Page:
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The pursuit of perfection

Discussion in 'Tilted Philosophy, Politics, and Economics' started by Veiled Apophenia, May 23, 2015.

  1. Veiled Apophenia

    Veiled Apophenia New Member

    To give you an idea of where this is headed, I'm looking for your personal preference regarding the efforts you put on work, fun and the breadth of knowledge/experience you are seeking in life.

    I suppose this is a dialog that I've played in the back of my mind for some years now; it's brought to the front now that I have an outlet for my thoughts and in light of 2 recent occurrences. The first was a conversation I had with a friend of mine who was born and raised in a country in southern Europe. The culture he grew up in emphasized leisure, relaxation and overall enjoyment out of life. He mentioned to me that his people never understood the Germans (though they respected them), because they were too focused on work. How can life be truly lived if you spend it working all the time? According to him, life is best lived if you are able to stop and enjoy things along the way, even if it comes at the sacrifice of your potential and whatever that may entail.

    The other thing was a documentary I recently watched entitled Jiro Dreams of Sushi (I tried to link to the youtube trailer but I apparently don't have the street-cred here to do so yet), which if you haven't seen, I'd highly recommend. The movie tells the story of an 85-year-old sushi master who believes that you must pick something in life, and master it completely. To reach perfection, or at least the pinnacle of your potential, is the only goal in life. The word/concept of a "shokunin" is used to emphasize one who masters an art, and works tirelessly at elevating their ability. He is a man driven by his own pursuit of perfection, and despite being regarded (according to the movie) as the most brilliant sushi (is it chef?) in current time, he is not satisfied with his achievements and it is clear that he will work himself to death doing what he loves.

    So, like most things in life, I suspect the answer for many of you will lie somewhere in-between the spectrum of hedonist to shokunin. Both have merits which I find genuine and worthy of pursuit, but you cannot have both (unless you are fortunate in that the pursuit of your mastery is hedonistic in and of itself).
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  2. Chris Noyb

    Chris Noyb Get in, buckle up, hang on, & don't criticize. Donor

    Large City, TX
    I've known people who were experts in their respective fields (myself excluded), and they were able to completely separate work from leisure.

    I'm a firm believer in the idea that you put in your best effort at your job, and make time to enjoy life. You can have both.

    This a great topic. It needs to be bumped so that it doesn't get lost. There is similar, but not identical, thread here; if I can find it I'll post the link.
    Last edited: May 24, 2015
  3. Lindy

    Lindy Moderator Staff Member

    I'm too opportunistic and pragmatic to be interested in the pursuit of perfection. Or enlightenment either, for that matter.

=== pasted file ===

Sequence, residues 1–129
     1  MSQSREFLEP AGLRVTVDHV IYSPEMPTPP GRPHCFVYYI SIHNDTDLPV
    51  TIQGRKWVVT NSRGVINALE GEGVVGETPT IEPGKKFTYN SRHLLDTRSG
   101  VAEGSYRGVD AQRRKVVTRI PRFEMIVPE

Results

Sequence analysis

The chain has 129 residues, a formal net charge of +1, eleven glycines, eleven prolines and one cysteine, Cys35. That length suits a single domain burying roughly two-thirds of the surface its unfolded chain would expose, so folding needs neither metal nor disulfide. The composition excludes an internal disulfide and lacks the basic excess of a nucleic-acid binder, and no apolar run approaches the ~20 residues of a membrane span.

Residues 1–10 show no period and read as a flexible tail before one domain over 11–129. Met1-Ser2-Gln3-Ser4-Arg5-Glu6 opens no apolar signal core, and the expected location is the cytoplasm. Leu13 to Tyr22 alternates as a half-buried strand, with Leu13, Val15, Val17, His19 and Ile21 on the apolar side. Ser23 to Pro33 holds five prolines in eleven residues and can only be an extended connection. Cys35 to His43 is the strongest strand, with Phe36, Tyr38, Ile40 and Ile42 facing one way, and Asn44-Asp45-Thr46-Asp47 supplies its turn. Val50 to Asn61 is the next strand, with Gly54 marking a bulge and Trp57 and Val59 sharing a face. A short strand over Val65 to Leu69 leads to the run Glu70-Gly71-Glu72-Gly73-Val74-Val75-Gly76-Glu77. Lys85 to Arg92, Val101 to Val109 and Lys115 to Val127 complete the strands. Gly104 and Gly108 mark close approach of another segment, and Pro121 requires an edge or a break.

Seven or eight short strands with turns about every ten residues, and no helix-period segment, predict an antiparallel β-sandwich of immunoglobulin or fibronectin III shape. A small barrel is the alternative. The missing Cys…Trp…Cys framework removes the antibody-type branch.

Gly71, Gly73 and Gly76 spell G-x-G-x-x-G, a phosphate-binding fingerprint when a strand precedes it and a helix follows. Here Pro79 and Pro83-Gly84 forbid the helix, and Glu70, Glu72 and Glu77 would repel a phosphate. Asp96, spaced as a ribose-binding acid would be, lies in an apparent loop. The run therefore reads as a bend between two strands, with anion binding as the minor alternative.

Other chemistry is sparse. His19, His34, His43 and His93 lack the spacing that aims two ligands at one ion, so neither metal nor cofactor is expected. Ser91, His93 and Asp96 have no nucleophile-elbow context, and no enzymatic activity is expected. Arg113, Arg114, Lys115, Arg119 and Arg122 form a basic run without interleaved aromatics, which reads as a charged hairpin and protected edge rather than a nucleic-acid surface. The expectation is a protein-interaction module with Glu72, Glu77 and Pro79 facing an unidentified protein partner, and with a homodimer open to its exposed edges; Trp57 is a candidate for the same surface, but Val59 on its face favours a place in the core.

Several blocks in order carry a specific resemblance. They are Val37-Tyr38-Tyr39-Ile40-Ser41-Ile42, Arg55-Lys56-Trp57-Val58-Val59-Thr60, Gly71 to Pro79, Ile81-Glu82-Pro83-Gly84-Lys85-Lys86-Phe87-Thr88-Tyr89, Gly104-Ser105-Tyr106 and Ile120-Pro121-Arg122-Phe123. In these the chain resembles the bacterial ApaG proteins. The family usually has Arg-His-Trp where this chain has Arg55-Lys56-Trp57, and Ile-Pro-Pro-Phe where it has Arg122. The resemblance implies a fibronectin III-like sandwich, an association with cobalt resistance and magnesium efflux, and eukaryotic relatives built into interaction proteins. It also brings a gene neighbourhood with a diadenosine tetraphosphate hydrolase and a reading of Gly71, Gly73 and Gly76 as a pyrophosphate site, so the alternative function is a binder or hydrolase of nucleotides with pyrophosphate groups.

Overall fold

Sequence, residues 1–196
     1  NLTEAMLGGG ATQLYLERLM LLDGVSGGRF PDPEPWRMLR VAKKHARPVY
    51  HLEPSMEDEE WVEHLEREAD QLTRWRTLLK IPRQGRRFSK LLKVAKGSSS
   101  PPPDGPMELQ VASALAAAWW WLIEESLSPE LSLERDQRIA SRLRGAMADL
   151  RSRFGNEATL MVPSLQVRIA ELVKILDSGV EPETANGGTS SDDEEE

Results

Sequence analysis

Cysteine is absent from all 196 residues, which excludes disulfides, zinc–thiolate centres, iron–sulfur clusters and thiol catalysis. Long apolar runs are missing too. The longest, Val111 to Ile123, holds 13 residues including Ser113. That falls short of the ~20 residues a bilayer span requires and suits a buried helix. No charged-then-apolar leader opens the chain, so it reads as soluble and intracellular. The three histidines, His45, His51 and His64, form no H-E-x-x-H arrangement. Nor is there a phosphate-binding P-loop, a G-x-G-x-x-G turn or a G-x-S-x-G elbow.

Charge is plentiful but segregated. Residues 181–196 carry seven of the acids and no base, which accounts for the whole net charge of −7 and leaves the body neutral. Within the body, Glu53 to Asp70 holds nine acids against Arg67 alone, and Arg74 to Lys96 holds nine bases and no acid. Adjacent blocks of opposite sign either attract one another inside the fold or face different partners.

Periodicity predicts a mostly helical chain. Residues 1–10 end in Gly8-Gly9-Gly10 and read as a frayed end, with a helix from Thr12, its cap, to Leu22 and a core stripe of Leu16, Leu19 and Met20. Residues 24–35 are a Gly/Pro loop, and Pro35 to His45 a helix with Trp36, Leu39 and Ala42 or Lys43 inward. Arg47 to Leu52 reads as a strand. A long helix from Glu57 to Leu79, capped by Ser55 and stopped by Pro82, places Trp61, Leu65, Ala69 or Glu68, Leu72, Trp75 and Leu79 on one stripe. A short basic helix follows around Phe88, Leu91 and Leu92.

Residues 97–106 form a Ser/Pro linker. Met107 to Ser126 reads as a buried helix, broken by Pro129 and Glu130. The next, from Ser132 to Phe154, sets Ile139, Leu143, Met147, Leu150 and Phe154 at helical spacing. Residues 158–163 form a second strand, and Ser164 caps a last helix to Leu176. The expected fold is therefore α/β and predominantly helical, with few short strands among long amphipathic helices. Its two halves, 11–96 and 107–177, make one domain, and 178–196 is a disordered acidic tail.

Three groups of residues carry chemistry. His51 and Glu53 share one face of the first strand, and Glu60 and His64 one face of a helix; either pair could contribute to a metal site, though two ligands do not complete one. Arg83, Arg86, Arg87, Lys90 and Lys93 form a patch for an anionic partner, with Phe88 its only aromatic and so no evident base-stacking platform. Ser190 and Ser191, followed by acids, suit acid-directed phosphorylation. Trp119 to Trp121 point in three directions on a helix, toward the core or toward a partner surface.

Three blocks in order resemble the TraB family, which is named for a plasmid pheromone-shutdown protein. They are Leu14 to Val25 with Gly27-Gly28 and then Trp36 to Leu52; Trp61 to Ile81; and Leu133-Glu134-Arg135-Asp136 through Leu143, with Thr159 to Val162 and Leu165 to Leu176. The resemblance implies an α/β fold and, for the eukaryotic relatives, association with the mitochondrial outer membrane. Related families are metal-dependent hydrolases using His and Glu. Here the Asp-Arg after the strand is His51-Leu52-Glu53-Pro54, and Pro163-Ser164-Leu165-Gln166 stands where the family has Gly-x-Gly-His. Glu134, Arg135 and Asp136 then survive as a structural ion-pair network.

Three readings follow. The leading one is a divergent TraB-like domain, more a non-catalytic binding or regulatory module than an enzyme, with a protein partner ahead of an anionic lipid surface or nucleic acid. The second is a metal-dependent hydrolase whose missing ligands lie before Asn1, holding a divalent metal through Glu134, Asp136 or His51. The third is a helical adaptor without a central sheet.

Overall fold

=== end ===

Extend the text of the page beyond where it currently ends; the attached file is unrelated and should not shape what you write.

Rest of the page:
Well, it depends on your work. If you truly love your work, and it is your work, not someone else's work that you are obliged to do to keep body and soul together, then you can truly live life while devoted to your work.

    Climate in southern Europe is more conducive to that. Of course now those easygoin' Greeks are needing those driven Germans to bail them out of their easy goin' ways.:rolleyes:

    I haven't found anything, so far, that I would care to master completely, to the exclusion of everything else. If I did so, what else would be left besides death?

    I would rather do several things well than one thing perfectly.

    Your sushi master is perfect OCD. Your southern european is the anti-OCD.

    If I had my druthers, at age 38, I would spend most of my time fucking, playing music, listening to music, reading, writing, making bad puns. Come to think of it, I am able to do those things frequently enough that I really do enjoy my life.:)

    As to my work, a lot of the time I just have to keep slapping my wrist to keep my itchy hands off of things.
    Most people have absolutely no idea how hard that is. To the capital constrained, like to the the grazing cow, the grass always looks greener on the other side of the fence.
  4. snowy

    snowy so kawaii Staff Member

    Yeah, I believe too much in work-life balance to devote myself to the pursuit of perfection. The other side of this is that I'm better at what I do BECAUSE I have a good work-life balance.
  5. Veiled Apophenia

    Veiled Apophenia New Member


    I like it. In my world you specialize for 2 reasons: The first is that the speed of progress and vast fund of knowledge required practically demands it if you want to do it well (which you do). The second is that there is a tremendous amount of ego involved, and the "jack of all trades" in my work are somewhat looked down upon. Though certainly not be me, as I have chosen to join them. I enjoy knowing as much as I can about the things which interest me, and I enjoy spending time outside with my family. Life isn't long enough to do all the things we want to do, but what else can you do but make your choice and roll with it.

    I share a similar perspective. It's just that when I pick up my guitar, I want to play like I used to be able to. I want to throw out everything I'm feeling and just jam. To get that way again would take practice, which comes at the expense of my family time, my continuing education, the books I want to read, the trips I want to take and on and on... I feel like the older I get, the more I want to do, but the less time I have to really do it well.

    This is advantageous if your business is one that would benefit from a good work-life balance. Most of them would I suspect, but not all.